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Life In Lockdown: How To Remain Positive And Productive

Published: Wednesday 1st April 2020

It’s often said that happiness is a choice. Shakespeare once said, “there is nothing either good or bad, but thinking makes it so.” Life will always throw things at us, many of them unexpected. It’s the way we choose to respond that makes a big difference. But can people really not only remain positive and productive, but actually choose to be happy while life is now in lockdown? Isn’t that easier said than done? Can people really choose to be happy at such a stressful time amid these global health, social and economical challenges?

Staying positive is a state of mind

Psychologists back up claims that at least a part of our happiness is man-made. In fact, one of the most quoted facts about happiness goes as follows: 50% of happiness is determined by our genes, 10% of happiness by the circumstances in which we live and 40% of happiness is determined by our actions, our attitude or optimism, and the way we handle situations. Admittedly, that’s a comforting message: even though there is a certain genetic disposition to be happy, there are many things in life that we can change to be happy and 40% is certainly a large margin of manoeuvre! So, happiness and being positive are a choice! Just imagine that for every minute you are angry or irritated, you lose 60 seconds of happiness.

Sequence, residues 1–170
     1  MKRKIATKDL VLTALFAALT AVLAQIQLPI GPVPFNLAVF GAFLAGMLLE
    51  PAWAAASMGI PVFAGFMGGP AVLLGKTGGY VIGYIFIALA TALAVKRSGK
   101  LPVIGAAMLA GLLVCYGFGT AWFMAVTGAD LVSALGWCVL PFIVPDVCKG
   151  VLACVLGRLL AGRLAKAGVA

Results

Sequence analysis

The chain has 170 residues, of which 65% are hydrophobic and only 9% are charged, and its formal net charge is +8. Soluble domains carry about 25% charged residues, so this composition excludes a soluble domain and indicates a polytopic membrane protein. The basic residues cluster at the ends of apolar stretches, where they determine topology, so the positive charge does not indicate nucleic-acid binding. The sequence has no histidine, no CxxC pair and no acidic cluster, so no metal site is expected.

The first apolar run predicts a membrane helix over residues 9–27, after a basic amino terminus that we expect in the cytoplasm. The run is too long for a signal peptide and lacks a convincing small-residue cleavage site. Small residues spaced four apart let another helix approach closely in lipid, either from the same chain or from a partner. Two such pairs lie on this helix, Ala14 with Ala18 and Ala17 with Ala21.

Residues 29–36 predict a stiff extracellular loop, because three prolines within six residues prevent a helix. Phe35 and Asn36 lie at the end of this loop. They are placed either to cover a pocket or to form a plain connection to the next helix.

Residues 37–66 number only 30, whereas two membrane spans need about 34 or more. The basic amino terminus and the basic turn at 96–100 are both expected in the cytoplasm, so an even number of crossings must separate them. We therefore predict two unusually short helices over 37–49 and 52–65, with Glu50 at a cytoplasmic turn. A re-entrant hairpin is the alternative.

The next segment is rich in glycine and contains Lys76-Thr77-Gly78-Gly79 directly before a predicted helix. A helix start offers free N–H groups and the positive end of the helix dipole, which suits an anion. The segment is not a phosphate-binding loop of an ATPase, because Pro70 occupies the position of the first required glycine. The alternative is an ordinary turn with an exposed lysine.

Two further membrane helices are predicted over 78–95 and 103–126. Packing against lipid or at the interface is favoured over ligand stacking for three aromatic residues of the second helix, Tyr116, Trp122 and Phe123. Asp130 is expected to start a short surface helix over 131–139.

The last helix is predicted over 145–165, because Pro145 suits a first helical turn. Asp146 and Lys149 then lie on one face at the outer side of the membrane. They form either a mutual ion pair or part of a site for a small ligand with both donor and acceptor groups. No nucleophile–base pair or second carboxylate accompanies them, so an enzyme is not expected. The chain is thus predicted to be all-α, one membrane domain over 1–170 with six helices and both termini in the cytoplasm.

More importantly, studies indicate that being happy is associated with a better immune system. In a study by researchers Sheldon Cohen and the Carnegie Mellon University, results showed that people who were happier and exhibited more positive emotions were less susceptible to common colds and illnesses. So, here are our top tips on how to choose happiness and remain positive and productive during the Coronavirus crisis.

Top tips to remain positive

Grandparents on computer communicating with grandkids via video chat from home kitchen

Schedule and maintain a connection with the people you love – Even if it can’t be a physical one, it’s helpful to have a support system and be surrounded by the right people who will make you smile. So, figure out which social interactions are most important for you – maybe a virtual happy hour with your best friends or co-workers that you’re accustomed to seeing daily – and determine what’s crucial for your well-being. Then set up virtual dates and add them into your calendar. It may feel a bit weirder, but scheduling makes it far more likely to happen as you stick to a plan.

Social distance, not social isolation – Social distance does not mean no social contact. Although face-to-face conversations are best, phone calls, texts, or FaceTime video chats to friends, can really help to make sure that we fill some of the gaps. Another great idea is to make the most out of apps that can help us stay connected to each other. HouseParty for example, is a popular face-to-face social networking app which allows you to communicate and have fun. You can even play a variety of games with your friends in the app. Moreover, social media and online gaming can be very entertaining and a resourceful way to meet and chat with new people!

Get some exercise – whether the weather is nice or foul, getting outside for some physical exercise will benefit you and your mental health. When you exercise, your heart rate increases, and your body pumps more oxygen to your brain. That process can affect your overall positivity, as multiple studies have found that a well-oxygenated brain helps manage anxiety and depression.

Fitness woman jumping outdoor in urban environment